The last eight months have given us the opportunity to experience entertainment without the big screen, and it has been quite enjoyable. 2020 has taught us that streaming is indispensable, and that is unlikely to change anytime soon.
Assuming 2021 offers the best-case scenario, audiences will have to deal with a glut of leftover titles from Hollywood’s lost year, sitting alongside those already planned. Just as “Zoom fatigue” has plagued remote working, “film fatigue” should concern studio executives. We’re set to experience a grudge match between valued IP and standard blockbusters next year and, simply put, some won’t make it out alive.
How will a mute Emily Blunt fare against James Bond’s last hurrah, or Lin-Manuel Miranda’s beloved first play against Tom Cruise’s return to the skies? Titles that would’ve been bonafide hits under normal circumstances might get crushed when pitted against their flashier counterparts. Factor in smaller or indie projects—particularly those that compete for Oscars— and the battlefield gets bloodier.
Again, that is under the best possible circumstances.
So what is the classic Hollywood fix?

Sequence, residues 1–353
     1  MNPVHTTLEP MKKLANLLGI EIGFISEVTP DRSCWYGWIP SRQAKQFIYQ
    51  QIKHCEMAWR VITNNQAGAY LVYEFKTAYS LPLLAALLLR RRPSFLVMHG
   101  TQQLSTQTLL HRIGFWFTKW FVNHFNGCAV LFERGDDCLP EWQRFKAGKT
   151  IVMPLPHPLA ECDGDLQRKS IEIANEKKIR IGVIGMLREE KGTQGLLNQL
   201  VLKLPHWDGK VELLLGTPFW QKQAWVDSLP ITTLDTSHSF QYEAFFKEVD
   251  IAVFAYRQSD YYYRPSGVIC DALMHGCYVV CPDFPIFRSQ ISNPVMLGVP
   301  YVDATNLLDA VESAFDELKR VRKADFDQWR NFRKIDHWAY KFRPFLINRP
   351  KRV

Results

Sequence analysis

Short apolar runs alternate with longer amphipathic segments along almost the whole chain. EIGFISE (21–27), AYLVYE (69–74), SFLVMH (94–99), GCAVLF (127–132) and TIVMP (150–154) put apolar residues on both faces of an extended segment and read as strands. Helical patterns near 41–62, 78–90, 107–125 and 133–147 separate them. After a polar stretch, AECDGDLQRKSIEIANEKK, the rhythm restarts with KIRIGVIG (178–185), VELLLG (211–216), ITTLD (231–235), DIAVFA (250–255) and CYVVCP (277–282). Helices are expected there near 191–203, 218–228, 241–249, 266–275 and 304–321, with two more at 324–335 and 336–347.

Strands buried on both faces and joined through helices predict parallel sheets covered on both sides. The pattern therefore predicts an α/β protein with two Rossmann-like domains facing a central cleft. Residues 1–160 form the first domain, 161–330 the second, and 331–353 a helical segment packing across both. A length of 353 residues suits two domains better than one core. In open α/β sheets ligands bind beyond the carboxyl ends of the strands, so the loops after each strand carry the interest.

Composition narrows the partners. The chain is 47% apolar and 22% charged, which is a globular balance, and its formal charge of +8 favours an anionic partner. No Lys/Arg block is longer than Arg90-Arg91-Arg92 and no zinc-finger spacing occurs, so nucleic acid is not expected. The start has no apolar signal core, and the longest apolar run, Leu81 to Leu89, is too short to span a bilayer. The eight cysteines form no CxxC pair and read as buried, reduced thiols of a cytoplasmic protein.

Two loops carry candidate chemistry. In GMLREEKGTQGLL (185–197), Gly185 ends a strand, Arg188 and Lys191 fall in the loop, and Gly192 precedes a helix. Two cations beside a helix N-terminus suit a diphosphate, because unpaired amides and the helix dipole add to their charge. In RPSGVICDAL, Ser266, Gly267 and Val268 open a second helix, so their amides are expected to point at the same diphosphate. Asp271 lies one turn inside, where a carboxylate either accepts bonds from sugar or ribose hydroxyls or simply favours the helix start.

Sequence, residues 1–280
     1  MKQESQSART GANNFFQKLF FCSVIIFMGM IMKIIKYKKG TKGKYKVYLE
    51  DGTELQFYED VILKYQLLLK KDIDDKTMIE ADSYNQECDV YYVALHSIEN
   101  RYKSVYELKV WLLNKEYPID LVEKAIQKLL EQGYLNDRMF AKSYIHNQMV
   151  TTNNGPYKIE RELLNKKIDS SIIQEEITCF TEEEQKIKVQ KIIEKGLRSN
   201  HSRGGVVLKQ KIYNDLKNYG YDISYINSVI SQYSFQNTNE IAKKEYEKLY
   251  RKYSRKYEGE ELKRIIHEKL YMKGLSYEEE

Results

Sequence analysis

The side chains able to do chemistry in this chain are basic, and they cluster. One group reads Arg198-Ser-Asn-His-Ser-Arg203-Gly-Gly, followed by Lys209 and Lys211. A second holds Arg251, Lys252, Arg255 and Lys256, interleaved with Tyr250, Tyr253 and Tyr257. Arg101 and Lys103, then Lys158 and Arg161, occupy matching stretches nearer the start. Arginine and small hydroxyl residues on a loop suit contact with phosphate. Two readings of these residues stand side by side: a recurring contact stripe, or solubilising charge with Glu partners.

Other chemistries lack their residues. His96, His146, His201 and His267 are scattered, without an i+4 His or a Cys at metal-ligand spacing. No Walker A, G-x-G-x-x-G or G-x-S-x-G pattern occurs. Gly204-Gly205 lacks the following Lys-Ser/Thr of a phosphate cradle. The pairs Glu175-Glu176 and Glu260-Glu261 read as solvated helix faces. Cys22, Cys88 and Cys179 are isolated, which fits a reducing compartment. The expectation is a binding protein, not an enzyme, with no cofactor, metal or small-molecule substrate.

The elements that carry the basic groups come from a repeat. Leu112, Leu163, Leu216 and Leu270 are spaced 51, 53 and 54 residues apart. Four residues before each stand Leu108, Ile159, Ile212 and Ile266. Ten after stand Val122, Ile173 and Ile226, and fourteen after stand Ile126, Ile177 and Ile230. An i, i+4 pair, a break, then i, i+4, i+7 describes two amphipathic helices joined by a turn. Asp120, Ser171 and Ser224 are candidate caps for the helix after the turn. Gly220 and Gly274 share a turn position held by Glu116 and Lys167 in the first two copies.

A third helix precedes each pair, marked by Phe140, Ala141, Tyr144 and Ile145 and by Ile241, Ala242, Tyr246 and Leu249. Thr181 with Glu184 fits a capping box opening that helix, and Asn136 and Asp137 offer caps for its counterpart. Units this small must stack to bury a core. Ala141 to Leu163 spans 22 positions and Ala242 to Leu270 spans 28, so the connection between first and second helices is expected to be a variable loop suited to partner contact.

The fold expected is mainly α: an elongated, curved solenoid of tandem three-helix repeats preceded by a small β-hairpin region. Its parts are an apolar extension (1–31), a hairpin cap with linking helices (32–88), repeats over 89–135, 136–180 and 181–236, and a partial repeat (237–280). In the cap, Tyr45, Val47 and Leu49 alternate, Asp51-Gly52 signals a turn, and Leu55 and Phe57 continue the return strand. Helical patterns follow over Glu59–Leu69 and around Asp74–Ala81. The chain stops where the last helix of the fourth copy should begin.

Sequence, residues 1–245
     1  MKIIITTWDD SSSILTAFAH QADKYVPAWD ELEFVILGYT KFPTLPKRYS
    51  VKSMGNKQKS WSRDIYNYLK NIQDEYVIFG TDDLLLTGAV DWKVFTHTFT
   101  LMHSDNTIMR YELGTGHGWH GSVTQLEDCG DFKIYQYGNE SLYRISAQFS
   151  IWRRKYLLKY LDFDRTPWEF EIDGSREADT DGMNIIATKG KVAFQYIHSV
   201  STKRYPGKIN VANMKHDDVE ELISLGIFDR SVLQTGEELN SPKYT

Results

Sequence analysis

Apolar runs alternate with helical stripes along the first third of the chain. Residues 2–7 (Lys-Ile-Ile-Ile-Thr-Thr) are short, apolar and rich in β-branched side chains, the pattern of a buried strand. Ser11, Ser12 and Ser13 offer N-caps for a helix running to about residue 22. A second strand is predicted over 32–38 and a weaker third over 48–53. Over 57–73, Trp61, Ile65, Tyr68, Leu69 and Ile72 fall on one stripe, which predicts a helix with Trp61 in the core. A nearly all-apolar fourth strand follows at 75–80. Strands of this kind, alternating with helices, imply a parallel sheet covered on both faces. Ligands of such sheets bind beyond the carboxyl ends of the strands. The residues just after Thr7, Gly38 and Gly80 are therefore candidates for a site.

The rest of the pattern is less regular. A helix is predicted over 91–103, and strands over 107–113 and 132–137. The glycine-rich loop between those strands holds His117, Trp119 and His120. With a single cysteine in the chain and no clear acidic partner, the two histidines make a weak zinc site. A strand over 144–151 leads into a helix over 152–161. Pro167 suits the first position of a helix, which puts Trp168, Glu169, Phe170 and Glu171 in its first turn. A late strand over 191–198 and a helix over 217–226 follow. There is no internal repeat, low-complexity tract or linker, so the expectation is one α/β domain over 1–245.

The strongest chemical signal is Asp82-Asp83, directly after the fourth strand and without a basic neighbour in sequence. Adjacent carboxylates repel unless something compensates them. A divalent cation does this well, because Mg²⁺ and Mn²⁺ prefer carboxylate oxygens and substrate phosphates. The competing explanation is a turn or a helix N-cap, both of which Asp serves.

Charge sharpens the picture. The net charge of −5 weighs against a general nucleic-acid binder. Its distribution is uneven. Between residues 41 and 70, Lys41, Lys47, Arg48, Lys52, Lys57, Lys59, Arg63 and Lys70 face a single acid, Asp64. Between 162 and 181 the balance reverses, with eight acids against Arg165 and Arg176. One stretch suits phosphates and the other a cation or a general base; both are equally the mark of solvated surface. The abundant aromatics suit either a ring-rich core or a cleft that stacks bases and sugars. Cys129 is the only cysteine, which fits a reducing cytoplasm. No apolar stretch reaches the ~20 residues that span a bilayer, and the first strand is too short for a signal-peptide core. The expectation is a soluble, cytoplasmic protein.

Studios might balk at it, but their best hope is streaming. As COVID-19 ravaged the entertainment industry, studios dipped their toes in the digital pond by pivoting their mid-budget titles to streaming services or premium video on demand. The Lovebirds and Eurovision landed on Netflix, Palm Springs opened on Hulu, and Trolls: World Tour grossed nearly $100 million in rental fees in three weeks. Meanwhile, big-budget projects got shuffled further down the release calendar. Disney’s Mulan was the first real blockbuster to get a digital-first release, with a $30 “premier access” price tag for Disney+ subscribers.
Mulan shouldn’t be the last major release either. Studios should go all-in on digital releases, box office potential be damned. COVID-19 has created the most massive captive audience in modern history. As our voracious appetite for content is currently whetted by older series and films, Hollywood has an unprecedented opportunity to re-capture the mainstream attention they’ve ceded over the years by meeting viewers where they spend much of their time: online. Dune is hotly-anticipated now; why waste the marketing and PR dollars on re-promoting it next year when Warner Bros. can capitalize on the hype with a primetime Christmas digital release this year?